Risk factors associated with overweight and obesity in people with severe mental illness in South Asia: cross-sectional study in Bangladesh, India, and Pakistan

Authors: Koralagamage Kavindu Appuhamy, Danielle Podmore, Alex Mitchell, Helal Uddin Ahmed, Mark Ashworth, Jan R. Boehnke, Virtu Chongtham, Asiful Haidar Chowdhury, Olga P. Garcia, Open the ORCID record for Olga P. Garcia, Richard I. G. Holt, Rumana Huque, Krishna Prasad Muliyala, Eline Klein Onstenk, Sukanya Rajan, David Shiers, Najma Siddiqi, S. Manjunatha
and Gerardo A. Zavala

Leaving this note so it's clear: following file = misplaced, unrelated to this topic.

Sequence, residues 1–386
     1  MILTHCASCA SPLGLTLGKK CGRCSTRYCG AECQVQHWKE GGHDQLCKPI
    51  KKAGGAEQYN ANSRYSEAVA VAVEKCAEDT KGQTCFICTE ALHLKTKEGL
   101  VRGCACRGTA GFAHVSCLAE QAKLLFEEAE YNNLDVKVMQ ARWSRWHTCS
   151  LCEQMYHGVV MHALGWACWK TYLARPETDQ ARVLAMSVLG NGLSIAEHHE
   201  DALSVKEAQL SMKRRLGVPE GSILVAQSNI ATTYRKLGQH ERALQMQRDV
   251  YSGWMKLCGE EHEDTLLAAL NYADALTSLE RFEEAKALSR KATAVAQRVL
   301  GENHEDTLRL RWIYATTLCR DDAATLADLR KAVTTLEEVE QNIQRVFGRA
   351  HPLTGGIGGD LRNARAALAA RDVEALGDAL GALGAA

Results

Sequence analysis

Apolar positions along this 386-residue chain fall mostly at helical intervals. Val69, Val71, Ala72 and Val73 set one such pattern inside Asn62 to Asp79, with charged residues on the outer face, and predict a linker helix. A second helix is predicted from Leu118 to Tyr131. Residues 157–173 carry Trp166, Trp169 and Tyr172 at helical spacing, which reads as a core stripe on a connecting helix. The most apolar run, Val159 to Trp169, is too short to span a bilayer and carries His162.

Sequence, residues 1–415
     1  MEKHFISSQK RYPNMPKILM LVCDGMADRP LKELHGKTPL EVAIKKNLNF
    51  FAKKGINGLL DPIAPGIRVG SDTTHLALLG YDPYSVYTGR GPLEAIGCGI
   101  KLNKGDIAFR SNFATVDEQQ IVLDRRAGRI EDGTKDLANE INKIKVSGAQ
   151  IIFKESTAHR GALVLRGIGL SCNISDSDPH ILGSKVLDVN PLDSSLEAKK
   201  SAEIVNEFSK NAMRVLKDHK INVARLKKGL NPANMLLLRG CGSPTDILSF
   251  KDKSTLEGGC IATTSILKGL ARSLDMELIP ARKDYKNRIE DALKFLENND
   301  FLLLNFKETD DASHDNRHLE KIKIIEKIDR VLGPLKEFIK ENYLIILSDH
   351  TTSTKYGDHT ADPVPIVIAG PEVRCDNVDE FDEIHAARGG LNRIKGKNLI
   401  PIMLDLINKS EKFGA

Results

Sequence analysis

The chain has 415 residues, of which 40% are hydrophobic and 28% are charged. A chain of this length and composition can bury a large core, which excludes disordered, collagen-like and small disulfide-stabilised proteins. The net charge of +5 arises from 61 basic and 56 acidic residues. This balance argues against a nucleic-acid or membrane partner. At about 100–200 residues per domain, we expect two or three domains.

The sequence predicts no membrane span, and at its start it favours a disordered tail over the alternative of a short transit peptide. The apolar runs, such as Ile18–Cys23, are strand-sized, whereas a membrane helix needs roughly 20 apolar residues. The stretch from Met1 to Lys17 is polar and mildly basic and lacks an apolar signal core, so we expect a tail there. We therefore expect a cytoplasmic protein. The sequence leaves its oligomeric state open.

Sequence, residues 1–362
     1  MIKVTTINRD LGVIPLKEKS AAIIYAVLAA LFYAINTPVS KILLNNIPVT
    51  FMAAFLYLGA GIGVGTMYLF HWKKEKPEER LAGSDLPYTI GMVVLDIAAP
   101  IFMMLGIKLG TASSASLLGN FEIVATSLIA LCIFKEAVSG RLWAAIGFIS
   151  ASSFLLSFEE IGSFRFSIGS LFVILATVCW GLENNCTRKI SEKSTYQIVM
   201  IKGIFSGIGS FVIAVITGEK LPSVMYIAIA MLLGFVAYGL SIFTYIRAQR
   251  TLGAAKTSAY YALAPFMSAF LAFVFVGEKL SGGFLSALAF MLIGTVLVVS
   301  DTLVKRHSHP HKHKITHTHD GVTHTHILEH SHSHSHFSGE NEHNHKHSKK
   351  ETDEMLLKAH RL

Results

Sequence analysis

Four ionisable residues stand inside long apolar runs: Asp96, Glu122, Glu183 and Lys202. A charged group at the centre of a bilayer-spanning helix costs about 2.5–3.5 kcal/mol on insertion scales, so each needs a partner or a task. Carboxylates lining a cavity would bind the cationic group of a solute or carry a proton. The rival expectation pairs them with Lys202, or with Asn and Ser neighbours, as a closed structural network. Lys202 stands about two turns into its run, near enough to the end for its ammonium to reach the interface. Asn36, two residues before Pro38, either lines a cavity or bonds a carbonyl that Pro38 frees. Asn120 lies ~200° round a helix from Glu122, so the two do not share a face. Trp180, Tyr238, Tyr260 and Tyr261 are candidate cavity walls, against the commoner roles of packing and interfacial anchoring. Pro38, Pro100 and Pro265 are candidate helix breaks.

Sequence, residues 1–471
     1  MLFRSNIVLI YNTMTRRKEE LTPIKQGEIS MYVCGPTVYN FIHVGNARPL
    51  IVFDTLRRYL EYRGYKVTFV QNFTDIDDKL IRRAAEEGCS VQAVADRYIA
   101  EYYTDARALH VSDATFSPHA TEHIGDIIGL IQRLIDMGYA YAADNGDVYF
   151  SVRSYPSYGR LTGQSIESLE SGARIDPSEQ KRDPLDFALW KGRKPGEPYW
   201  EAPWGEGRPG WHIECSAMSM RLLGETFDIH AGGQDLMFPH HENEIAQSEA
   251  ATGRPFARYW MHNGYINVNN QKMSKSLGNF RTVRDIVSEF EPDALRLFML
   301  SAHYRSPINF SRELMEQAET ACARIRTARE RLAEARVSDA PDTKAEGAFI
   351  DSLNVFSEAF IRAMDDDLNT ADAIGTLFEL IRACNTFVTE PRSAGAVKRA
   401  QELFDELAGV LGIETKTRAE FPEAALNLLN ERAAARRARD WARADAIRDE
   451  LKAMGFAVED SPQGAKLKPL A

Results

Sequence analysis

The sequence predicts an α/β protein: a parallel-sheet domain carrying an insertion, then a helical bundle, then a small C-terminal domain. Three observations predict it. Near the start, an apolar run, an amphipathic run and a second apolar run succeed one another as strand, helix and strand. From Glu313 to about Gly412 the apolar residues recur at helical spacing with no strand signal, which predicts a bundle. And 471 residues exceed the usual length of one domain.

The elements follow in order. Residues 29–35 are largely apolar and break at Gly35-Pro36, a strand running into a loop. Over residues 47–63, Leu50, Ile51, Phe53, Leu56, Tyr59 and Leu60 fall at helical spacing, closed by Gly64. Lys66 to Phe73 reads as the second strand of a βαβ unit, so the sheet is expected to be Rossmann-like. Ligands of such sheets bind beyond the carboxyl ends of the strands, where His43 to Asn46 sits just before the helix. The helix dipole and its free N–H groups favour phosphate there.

Obesity is one of the major contributors to the excess mortality seen in people with severe mental illness (SMI) and in low- and middle-income countries people with SMI may be at an even greater risk. In this study, we aimed to determine the prevalence of obesity and overweight in people with SMI and investigate the association of obesity and overweight with sociodemographic variables, other physical comorbidities, and health-risk behaviours. This was a multi-country cross-sectional survey study where data were collected from 3989 adults with SMI from three specialist mental health institutions in Bangladesh, India, and Pakistan. The prevalence of overweight and obesity was estimated using Asian BMI thresholds. Multinomial regression models were then used to explore associations between overweight and obesity with various potential determinants. There was a high prevalence of overweight (17·3 %) and obesity (46·2 %). The relative risk of having obesity (compared to normal weight) was double in women (RRR = 2·04) compared with men. Participants who met the WHO recommendations for fruit and vegetable intake had 2·53 (95 % CI: 1·65–3·88) times greater risk of having obesity compared to those not meeting them. Also, the relative risk of having obesity in people with hypertension is 69 % higher than in people without hypertension (RRR = 1·69). In conclusion, obesity is highly prevalent in SMI and associated with chronic disease. The complex relationship between diet and risk of obesity was also highlighted. People with SMI and obesity could benefit from screening for non-communicable diseases, better nutritional education, and context-appropriate lifestyle interventions.

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